A firefighter’s helmet isn’t merely a piece of protective equipment; it’s a physical representation of the work that these first responders do, the risks that they take and the lives that they live. Many keep their helmets after retirement, a memento of their time in the department. When a helmet appears on eBay’s marketplace, there’s always a story behind it — and the story of the “PIZZ” helmet ended with a town gathering and a family connecting with its past.
Dating from the middle of the 20th century, the helmet is made of black leather, lovingly worn. The red shield on the front, held in place by a handsome brass fitting, is still vibrant. Despite the fact that the white paint on the shield is chipped away or completely missing in places, “Ladder 1 PFD” remains legible.
It isn’t always easy or possible to figure out the backstory of items like these, but this helmet came with a helpful hint: Four letters spelling out “PIZZ” have been scrawled across the back.
The search began after the helmet was listed by a seller in Woodmere, Ohio, in December 2021. The listing caught the eye of Jason Cleary, chief of the fire department in Manchester-by-the-Sea, Massachusetts. Jason, who began his career in nearby Portsmouth, New Hampshire and recognized the “PFD” insignia, spread the word among former firefighters. One of those was Rich Duddy, who retired from the Portsmouth Fire Department in 2000.
“I was dumbfounded that one of our helmets was for sale,” Rich said. “It seemed like such a shame because important things like that should be passed down from generation to generation in a family.”
That name “PIZZ” rung a bell for Rich. In the late 1970s, he had served for about five years alongside a Stanley Pizz, in the Portsmouth Fire Department. Richhad been a full-time firefighter, while Stanleyhad been what was known as a “call” firefighter, part-timers used when the department needed extra assistance.
The department’s full-time firefighters usually kept their helmets when they retired; “I still have mine hanging up at home,” said Rich. But call firefighters often turned in their equipment so it could be used by others. Another name starting with the letter “J” was also scrawled on the helmet, all but worn away over the years.
To find the Pizz family, Rich posted about the helmet on social media, hoping to find more information. Luckily, residents of Portsmouth’s South End responded, connecting Rich with Stanley Pizz’s son, Rick. Rick had followed in the family tradition as a call firefighter, and had actually worked alongside his father for a time at the Portsmouth Fire Department.
“Both of us were overwhelmed when he heard that the helmet had been found,” said Linda, Rick’s wife of 52 years. “It was wicked special to my husband because he and his father were firefighters together.”
The helmet was listed by Dale Cohen, out in Ohio. The assistant fire chief in Woodmere, Dale is a collector of vintage fire department memorabilia, and had found the helmet at a sale in Limestone, Illinois. Cohen, as a fire department man himself, understood the desire to reconnect the helmet with the family of its original owner. That reconnection, though, needed the actions of the whole town. Sue Doyle, a real estate agent in Portsmouth, saw the social media posts and wanted to help.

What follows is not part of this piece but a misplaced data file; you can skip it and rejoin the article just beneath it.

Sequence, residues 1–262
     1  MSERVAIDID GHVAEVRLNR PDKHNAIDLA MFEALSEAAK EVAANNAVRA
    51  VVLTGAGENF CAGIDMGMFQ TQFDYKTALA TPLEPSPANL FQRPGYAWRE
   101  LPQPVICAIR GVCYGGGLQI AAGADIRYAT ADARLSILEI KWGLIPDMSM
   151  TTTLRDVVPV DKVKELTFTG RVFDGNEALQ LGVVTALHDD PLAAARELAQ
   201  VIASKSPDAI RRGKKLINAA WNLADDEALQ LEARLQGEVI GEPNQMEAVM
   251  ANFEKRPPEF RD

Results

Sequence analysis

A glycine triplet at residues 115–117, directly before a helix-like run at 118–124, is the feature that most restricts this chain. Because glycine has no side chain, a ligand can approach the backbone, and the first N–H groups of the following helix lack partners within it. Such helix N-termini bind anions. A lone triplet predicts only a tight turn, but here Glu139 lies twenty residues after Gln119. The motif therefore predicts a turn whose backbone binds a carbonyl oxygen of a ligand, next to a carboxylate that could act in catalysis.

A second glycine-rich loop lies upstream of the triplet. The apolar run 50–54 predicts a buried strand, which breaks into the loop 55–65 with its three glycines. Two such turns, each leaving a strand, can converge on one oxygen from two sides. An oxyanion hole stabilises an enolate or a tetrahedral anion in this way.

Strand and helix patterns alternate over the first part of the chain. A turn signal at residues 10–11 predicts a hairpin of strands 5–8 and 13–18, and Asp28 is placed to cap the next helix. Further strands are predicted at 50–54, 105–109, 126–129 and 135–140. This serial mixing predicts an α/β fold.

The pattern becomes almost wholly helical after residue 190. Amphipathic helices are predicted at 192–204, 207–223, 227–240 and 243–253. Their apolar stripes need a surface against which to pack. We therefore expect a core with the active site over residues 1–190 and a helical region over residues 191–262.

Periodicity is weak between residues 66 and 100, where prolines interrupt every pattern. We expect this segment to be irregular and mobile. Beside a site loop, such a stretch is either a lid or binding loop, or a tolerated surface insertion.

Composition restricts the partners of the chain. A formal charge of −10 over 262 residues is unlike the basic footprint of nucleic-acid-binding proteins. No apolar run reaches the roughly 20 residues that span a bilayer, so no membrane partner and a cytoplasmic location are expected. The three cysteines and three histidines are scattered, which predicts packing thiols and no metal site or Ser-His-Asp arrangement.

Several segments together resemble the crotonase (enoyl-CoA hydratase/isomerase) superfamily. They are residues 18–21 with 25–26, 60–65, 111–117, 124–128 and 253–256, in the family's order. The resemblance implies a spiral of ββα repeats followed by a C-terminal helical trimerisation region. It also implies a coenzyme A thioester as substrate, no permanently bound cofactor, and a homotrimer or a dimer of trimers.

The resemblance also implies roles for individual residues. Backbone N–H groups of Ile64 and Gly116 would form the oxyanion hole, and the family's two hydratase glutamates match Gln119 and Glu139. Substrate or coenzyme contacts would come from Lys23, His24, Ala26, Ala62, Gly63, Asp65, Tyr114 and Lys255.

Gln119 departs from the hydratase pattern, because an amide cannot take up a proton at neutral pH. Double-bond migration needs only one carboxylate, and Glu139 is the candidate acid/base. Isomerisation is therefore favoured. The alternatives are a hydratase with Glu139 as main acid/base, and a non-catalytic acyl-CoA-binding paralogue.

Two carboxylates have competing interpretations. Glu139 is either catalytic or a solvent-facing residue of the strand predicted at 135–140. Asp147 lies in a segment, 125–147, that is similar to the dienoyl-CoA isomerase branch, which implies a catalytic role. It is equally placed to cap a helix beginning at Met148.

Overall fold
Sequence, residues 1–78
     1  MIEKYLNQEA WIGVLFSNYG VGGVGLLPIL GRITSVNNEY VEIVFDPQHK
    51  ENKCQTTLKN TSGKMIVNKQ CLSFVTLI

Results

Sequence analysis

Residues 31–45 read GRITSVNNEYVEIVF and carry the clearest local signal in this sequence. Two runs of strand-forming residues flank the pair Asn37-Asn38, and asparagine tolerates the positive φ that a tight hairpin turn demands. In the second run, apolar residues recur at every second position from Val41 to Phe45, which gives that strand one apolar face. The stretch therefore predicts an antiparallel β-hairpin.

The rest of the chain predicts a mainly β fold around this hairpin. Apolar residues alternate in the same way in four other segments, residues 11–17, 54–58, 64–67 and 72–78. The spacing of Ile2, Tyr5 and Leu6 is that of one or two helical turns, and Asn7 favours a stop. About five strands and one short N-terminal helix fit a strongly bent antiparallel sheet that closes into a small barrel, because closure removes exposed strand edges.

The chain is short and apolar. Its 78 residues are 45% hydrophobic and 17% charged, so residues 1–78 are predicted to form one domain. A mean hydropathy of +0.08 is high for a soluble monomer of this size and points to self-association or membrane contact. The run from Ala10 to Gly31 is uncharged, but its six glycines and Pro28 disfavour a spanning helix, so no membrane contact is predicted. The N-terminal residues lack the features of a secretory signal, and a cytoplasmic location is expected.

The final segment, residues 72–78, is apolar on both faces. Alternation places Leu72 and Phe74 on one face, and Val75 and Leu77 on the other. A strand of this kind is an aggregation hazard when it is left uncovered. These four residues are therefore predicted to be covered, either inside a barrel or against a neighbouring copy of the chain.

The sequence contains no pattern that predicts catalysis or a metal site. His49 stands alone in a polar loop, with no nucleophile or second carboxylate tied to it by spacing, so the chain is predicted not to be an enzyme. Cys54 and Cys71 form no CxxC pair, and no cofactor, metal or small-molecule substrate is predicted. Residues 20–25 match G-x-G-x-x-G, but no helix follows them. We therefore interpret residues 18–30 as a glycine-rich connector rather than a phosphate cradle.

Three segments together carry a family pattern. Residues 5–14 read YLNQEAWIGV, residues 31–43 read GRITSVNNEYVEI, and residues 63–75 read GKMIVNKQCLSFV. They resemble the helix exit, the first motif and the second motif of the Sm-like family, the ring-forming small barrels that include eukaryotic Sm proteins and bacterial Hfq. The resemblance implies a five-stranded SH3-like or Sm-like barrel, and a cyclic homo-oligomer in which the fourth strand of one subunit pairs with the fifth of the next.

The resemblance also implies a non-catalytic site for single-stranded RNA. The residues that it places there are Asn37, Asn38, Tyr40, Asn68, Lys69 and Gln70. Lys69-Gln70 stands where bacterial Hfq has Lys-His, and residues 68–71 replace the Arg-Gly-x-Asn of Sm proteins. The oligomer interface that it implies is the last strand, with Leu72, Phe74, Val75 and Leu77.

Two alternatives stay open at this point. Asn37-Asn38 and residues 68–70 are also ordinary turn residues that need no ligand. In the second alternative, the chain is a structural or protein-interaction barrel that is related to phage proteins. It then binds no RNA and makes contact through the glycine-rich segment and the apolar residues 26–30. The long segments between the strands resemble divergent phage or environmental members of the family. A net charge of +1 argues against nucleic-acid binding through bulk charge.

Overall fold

My first thought was, ‘Oh, Sue, don’t step on any toes here,’” she remembers. “But I just couldn’t ignore it, either. I know the way that these kinds of mementos can just disappear forever once they are purchased. I decided that I should buy it right away and figure it out later.”
After letting Rich know she intended to purchase it, Sue reached out to Dale, in Ohio.
Sue agreed to reimburse Dale for what he had paid for the helmet, a favor by Dale to a fellow firefighter.
“I rarely cry about anything,” she said. “I’m pretty tough. But a lot of emotions flooded in at once.”
Chief Todd Germain, the current head of the Portsmouth Fire Department, agreed that historic Portsmouth Central Station — where both Stanley and Rich Pizz had served — would be the perfect place to present the helmet to the family. Sue, Rich, and the Pizz family gathered there on February 8, 2022. Also present was Assistant Fire Chief Bill McQuillen, the only current member of the department to have served with Stanley.
“I was thinking about the magnitude of first responders and what they do,” Sue said. “They don’t always get to hear that people appreciate what they do. I hope that if people read about this helmet, it prompts them to do something to say thanks, even if it’s just dropping off cookies at their local fire department.”
The eldest of the three Pizz sons surprised them at the fire station.“He came up to me and he said, ‘Mom, I remember being in this firehouse when I was a little boy,’” said Linda. “I remember seeing Grampy’s helmet when it was hanging in the pantry.”
Rich said he was touched by how grateful the Pizz family was to get the helmet back. They understood how many people had been involved, and clearly were overwhelmed with emotion.
“It took so many people being in the right place at the right time to make it happen,” Rich said. “The helmet is finally back where it belongs. Now his family will have it forever.”